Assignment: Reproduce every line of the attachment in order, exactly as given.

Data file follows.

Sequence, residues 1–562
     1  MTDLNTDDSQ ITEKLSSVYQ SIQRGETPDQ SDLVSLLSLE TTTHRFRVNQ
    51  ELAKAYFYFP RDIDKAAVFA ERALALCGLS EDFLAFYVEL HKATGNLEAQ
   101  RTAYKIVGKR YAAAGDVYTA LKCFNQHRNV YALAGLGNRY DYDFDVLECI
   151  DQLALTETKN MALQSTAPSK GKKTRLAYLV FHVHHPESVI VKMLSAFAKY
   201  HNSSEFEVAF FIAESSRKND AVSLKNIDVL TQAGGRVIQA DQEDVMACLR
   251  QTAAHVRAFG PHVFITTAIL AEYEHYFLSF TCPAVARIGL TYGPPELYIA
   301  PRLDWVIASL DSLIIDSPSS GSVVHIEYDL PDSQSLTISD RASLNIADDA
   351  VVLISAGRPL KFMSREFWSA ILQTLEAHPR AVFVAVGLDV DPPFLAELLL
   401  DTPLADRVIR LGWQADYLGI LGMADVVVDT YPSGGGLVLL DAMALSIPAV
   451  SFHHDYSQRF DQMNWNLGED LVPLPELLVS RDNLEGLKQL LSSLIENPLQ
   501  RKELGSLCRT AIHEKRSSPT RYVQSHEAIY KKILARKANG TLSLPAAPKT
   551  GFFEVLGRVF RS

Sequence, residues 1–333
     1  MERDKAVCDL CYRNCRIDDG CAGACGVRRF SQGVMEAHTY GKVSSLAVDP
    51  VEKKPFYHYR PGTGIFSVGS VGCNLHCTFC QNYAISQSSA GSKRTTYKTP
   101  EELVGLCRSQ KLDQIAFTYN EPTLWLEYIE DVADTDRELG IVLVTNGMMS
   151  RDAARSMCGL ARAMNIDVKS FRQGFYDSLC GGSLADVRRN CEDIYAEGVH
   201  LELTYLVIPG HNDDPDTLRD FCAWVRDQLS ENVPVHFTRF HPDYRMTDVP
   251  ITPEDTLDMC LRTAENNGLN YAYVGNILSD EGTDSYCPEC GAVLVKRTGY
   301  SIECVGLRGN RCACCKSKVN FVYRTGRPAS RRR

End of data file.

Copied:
Sequence, residues 1–562
     1  MTDLNTDDSQ ITEKLSSVYQ SIQRGETPDQ SDLVSLLSLE TTTHRFRVNQ
    51  ELAKAYFYFP RDIDKAAVFA ERALALCGLS EDFLAFYVEL HKATGNLEAQ
   101  RTAYKIVGKR YAAAGDVYTA LKCFNQHRNV YALAGLGNRY DYDFDVLECI
   151  DQLALTETKN MALQSTAPSK GKKTRLAYLV FHVHHPESVI VKMLSAFAKY
   201  HNSSEFEVAF FIAESSRKND AVSLKNIDVL TQAGGRVIQA DQEDVMACLR
   251  QTAAHVRAFG PHVFITTAIL AEYEHYFLSF TCPAVARIGL TYGPPELYIA
   301  PRLDWVIASL DSLIIDSPSS GSVVHIEYDL PDSQSLTISD RASLNIADDA
   351  VVLISAGRPL KFMSREFWSA ILQTLEAHPR AVFVAVGLDV DPPFLAELLL
   401  DTPLADRVIR LGWQADYLGI LGMADVVVDT YPSGGGLVLL DAMALSIPAV
   451  SFHHDYSQRF DQMNWNLGED LVPLPELLVS RDNLEGLKQL LSSLIENPLQ
   501  RKELGSLCRT AIHEKRSSPT RYVQSHEAIY KKILARKANG TLSLPAAPKT
   551  GFFEVLGRVF RS

Sequence, residues 1–333
     1  MERDKAVCDL CYRNCRIDDG CAGACGVRRF SQGVMEAHTY GKVSSLAVDP
    51  VEKKPFYHYR PGTGIFSVGS VGCNLHCTFC QNYAISQSSA GSKRTTYKTP
   101  EELVGLCRSQ KLDQIAFTYN EPTLWLEYIE DVADTDRELG IVLVTNGMMS
   151  RDAARSMCGL ARAMNIDVKS FRQGFYDSLC GGSLADVRRN CEDIYAEGVH
   201  LELTYLVIPG HNDDPDTLRD FCAWVRDQLS ENVPVHFTRF HPDYRMTDVP
   251  ITPEDTLDMC LRTAENNGLN YAYVGNILSD EGTDSYCPEC GAVLVKRTGY
   301  SIECVGLRGN RCACCKSKVN FVYRTGRPAS RRR